The deliberative Harvard Law Review editor who could talk to the Federalists and the liberals on the law review in the same breath, the Illinois state legislator who could neither vote yea or nay, and the man who saw a purple America in the 2004 Kerry convention, when the rest of the country polarized over the Iraq war was seeing blue and red, is having a hard time learning the peculiarities of Washington’s polarization after he entered the White House.
As the country, galvanized by his electrifying campaign for the presidency is not only turning up grass roots but turning over the grass roots in its enthusiasm and energy to get America right again from the Sierra Club on the left to the Tea Parties on the right and Repower America and the Pickens Plan playing the hybrid somewhere in between in the fertile political center, is voting up and down and purple on every issue across the political spectrum looking for solutions instead of partisanship, Barack Obama is asking for up or down votes, when in fact he should be seeing both the ups and downs.
The grassroots president must return to his political roots to be in sync with the rest of the country lest he step over himself to become a lame duck, handing over the very victories he helped trigger as they materialize. Politics is not a straightforward thing. This President’s grayness in execution is largely because he is always right on principle but muddled on policy. Policy is critical if he expects to execute, because execution is the translation of principle into action through policy.
Sometimes the survival instincts of the members of Congress whose job insecurity is higher than that of the President can provide useful pointers to making better policies, even though usually they can be politically expedient. This time around all avenues of political expediency are closed and the only way out of the economic maze is to do the right thing.
The majority Democrats in the United States Congress are justifiably and sensibly revolting, according to the Wall Street Journal, against three important components of the energy legislation under consideration in the Congress: the Yucca mountain nuclear waste disposal site in Nevada which was an election issue in 2008, the Environmental Protection Agency’s (EPA) carbon dioxide regulations and wind power using Chinese made wind turbines. This is the “down” vote and a potentially devastating one for the White House if the President expends his political capital defending his position against the sentiments of the Democrats in the Congress.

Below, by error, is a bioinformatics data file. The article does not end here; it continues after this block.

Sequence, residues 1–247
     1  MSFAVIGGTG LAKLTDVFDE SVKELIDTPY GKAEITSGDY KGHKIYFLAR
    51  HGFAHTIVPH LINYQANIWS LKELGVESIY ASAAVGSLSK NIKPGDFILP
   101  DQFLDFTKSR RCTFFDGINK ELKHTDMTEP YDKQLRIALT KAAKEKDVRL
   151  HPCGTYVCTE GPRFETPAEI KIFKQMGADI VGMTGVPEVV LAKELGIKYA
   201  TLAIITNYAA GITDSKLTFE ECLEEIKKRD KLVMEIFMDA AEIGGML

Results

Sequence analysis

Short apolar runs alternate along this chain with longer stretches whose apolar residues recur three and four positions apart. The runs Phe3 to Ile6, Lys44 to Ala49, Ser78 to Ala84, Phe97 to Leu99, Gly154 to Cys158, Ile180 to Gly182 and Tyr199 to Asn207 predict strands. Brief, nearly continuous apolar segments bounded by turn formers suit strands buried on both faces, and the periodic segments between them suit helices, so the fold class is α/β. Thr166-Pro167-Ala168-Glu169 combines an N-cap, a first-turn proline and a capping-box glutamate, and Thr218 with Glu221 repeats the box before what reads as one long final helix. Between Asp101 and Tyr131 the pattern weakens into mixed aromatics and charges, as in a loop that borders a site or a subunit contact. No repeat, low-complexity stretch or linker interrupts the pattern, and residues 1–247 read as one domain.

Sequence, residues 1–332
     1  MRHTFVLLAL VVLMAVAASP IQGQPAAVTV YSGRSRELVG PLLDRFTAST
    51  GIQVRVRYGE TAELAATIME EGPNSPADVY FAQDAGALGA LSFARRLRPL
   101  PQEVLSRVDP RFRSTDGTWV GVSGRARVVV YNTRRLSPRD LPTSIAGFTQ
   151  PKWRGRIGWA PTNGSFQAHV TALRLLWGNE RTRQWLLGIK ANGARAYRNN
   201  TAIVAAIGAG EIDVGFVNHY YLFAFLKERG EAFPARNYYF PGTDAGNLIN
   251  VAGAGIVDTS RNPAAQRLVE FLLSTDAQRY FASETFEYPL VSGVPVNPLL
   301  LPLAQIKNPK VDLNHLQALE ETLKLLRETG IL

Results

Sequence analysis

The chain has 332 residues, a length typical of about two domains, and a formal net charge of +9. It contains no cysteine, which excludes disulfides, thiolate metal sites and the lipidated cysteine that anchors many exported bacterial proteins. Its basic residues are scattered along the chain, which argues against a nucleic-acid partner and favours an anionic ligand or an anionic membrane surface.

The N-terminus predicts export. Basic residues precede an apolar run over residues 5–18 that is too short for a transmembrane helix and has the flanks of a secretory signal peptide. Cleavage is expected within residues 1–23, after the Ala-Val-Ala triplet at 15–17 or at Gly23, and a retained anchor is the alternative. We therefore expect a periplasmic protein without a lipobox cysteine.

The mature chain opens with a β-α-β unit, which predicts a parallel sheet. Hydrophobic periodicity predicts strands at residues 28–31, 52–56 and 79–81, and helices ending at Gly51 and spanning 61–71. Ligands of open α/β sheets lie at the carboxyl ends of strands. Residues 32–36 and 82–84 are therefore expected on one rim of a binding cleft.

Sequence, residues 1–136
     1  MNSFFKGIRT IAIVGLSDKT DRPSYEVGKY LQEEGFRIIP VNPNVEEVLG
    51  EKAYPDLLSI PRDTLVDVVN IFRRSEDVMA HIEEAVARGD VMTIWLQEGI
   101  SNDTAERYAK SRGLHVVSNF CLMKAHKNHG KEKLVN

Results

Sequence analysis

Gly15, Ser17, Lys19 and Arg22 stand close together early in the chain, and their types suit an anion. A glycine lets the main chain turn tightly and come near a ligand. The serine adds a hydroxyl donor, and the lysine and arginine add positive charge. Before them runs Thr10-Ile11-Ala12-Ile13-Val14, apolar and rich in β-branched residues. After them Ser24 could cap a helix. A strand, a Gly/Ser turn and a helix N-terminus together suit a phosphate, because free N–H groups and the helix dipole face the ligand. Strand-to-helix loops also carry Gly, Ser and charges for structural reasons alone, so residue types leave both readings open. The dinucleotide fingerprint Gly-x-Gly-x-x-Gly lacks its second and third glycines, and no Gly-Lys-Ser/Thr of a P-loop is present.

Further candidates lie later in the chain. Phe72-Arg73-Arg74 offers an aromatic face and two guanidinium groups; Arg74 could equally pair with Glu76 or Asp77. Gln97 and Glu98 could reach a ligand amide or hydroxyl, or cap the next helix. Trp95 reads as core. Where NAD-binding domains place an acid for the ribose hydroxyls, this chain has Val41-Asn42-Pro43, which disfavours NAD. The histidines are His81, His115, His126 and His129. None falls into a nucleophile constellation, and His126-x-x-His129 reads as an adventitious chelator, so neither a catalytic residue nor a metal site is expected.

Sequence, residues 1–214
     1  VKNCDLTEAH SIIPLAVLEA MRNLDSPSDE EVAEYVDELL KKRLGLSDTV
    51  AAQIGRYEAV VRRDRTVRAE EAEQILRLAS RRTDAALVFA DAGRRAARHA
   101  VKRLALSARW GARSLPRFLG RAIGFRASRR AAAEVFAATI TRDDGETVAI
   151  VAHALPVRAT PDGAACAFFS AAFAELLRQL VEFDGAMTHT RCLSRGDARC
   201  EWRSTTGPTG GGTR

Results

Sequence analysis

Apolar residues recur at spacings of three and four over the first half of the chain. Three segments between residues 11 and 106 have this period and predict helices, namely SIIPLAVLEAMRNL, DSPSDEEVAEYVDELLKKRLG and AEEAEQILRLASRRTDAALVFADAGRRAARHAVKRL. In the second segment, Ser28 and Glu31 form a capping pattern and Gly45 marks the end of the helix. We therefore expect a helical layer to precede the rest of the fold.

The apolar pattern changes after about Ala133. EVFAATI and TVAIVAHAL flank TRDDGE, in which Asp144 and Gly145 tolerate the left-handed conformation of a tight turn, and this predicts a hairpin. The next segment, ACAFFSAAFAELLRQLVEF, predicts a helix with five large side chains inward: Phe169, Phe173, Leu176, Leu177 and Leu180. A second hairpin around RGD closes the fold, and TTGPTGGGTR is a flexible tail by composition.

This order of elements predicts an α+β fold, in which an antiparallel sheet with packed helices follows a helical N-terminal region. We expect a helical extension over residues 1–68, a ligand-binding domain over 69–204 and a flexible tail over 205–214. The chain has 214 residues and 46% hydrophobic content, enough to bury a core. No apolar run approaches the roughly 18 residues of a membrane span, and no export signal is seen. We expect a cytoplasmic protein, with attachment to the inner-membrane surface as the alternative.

The “up” vote is happening as we speak in the real world outside Washington. FP&L is creating a nearly 40,000 mega watt (MW) power plant that is a hybrid of cleaner burning natural gas and solar power. So, the “down” vote must be seen by the President in light of the Florida sun shine.
Florida Power and Light (FP&L) where the President gave a speech about the smart grid is doing the right thing even as Wall Street is trying to import Chinese windmills into the country just as they did T-shirts and toys in the ‘90s, helping China move up the value chain only to be crushed under the weight of the growing Panda bear, as if there are not enough Chinese consumers for the windmills made in China. It is best for U.S corporations and Chinese corporations to begin to make things in China for the Chinese consumers rather than for the rest of the world.
Nevadans are correct that they do not want nuclear waste in their backyard, though they may be a little paranoid about it. But that rejection is an opportunity for something else. Two very interesting possibilities emerge for the disposal of nuclear waste, globally, wherever peaceful nuclear power is being used. The emerging commercial space sector which got a boost in the recent White House budget for Fiscal Year 2011 can dispose off the nuclear waste in outer space, away from earth, in perhaps a trajectory toward the planet Venus. Or the nuclear waste can be disposed off in the Sahara, compensating the Saharan African countries in return for creating a Yucca mountain type of disposal site as part of an international consortium similar to the Desertec foundation.
The EPA carbon dioxide regulations are not necessary if the administration provides targeted corporate tax cuts to coal power plants to convert to FutureGen plants and for other forward-looking clean energy investments such as electric cars and alternative energy solutions in lieu of cap and trade or carbon taxes. All that Fed money also needs a place to get soaked up in the economic soil, if only the fertilizer of government policy can enable that to happen.
With unemployment stubbornly sticking to close to 10 per cent, it is time to get serious about change to change the way we live.